The world was upside down. Not in the whole “my life has dramatically changed and I’m being dramatic” upside down, but literally upside down.
Sean was making coffee when the flip happened. So, you can surely imagine how that turned out. He winces as he lifts his hand out of the broken glass of his kitchen light fixture, which he had the fortune of falling on. He sighs as he looks at his now empty cup. And sighs once more as he looks around at his broken coffee machine, along with 97% of his kitchen.
“Oh, yeah, that was for today,” he mutters.
He carefully stands to survey the damage. Sean’s move into the apartment was still fairly new, as in he didn’t even have a television yet, so the coffee machine was actually the most expensive thing broken. He reckons he has a grand total of $83 worth of damage. He frowns as something interrupts his thought process.
It takes him a while to realize it’s the sound of his next-door neighbors arguing. The flip was hard enough for momentary hearing loss? That hadn’t happened since Sean was still in diapers. Speaking of, he should call his parents and make sure they’re okay. Walking to his phone, he smiles and shakes his head. He had to practically write an essay to his father to convince him that renewing their Flip Insurance would be worth it. The old man, like many others, was under the impression that flips were over, since it had been a good 15 years since the last one.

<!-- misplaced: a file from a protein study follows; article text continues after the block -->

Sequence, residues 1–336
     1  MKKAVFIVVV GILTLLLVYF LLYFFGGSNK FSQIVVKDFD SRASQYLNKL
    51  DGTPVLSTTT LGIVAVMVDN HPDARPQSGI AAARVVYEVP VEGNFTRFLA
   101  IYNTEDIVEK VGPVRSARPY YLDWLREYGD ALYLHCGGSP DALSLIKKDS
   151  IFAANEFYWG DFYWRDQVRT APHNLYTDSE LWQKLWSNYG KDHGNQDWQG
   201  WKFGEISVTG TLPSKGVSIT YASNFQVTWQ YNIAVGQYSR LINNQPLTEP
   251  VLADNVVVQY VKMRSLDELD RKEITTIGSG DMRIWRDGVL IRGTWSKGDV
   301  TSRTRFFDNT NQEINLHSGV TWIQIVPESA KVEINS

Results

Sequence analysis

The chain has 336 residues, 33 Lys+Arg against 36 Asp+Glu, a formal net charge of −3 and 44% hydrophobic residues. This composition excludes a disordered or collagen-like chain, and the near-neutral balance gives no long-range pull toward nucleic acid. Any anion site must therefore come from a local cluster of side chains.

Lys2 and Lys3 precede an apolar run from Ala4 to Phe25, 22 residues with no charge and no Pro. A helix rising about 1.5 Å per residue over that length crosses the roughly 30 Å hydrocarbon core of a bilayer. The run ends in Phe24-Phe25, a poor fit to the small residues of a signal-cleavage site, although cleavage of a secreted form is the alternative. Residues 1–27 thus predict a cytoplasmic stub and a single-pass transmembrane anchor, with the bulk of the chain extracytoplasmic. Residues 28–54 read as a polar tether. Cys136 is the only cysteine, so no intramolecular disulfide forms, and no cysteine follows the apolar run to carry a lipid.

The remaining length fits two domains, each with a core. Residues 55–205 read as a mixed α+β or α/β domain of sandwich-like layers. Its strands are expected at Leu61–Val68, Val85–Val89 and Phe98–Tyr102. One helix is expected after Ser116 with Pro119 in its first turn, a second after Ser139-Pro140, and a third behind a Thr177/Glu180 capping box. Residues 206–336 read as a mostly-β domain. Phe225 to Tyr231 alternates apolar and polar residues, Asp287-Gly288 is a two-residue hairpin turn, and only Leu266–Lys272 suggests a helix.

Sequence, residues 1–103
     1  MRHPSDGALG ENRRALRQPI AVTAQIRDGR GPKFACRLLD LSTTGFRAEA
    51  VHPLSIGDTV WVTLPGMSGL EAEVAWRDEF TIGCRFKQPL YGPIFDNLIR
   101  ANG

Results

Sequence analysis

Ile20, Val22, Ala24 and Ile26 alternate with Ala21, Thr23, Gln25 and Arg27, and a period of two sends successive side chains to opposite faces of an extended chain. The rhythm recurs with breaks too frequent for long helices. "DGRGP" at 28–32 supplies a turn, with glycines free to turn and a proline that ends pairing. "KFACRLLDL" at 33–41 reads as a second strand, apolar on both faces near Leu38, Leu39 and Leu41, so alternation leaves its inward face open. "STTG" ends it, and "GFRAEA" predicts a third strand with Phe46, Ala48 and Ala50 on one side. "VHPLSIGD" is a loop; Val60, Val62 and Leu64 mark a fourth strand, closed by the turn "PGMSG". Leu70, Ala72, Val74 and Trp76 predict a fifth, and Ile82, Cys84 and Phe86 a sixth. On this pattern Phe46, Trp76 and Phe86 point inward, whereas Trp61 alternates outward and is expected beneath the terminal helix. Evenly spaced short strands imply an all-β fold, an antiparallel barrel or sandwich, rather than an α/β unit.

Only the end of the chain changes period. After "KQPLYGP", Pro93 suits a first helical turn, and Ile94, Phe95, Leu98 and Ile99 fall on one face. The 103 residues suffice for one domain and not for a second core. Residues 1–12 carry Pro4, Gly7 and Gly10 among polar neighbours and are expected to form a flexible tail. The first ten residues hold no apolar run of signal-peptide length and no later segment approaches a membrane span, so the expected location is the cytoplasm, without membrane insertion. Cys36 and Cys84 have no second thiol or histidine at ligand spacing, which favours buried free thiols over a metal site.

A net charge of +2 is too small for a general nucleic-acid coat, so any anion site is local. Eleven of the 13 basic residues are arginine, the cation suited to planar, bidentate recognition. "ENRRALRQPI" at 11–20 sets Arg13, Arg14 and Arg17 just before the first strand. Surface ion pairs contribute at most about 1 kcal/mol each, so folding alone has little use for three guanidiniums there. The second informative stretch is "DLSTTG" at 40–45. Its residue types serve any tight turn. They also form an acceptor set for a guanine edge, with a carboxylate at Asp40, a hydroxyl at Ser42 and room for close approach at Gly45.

Sean, though, knew it was only a matter of time. He chuckles as he remembers his landlord’s puzzled look as he insisted on Flip Insurance for his own apartment. Not bad Sean, he thinks to himself.
After carefully stepping over glass, ceramic, and the contents of his laundry basket, Sean finds his phone under what was once an admittedly ugly amber flamingo. He already has a missed call, probably due to the fact that he couldn’t hear for a while there. He dials his mother back.
“Mom, hey. How are you and dad? I told you that you would need Flip Insurance.” He makes no effort to hide the smile in his voice.
“Oh, shut it!” his mother reprimands. “You know, all of your childhood photos fell? Yeah? All that glass – everywhere! Your father and I barely had time to strap ourselves in.”
Sean grimaces. He hadn’t thought about that. “Well, I told you not to switch to glass.” He says instead.
Sean’s mother sighs. “Yes, you are the great prophet, Sean. Goodbye, son.” She hangs up and Sean rolls his eyes.
His parents were the only ones so far to oppose the World’s choice in accepting Sean as a prophet. But Sean is convinced he will be good at it.
In fact, he knows that.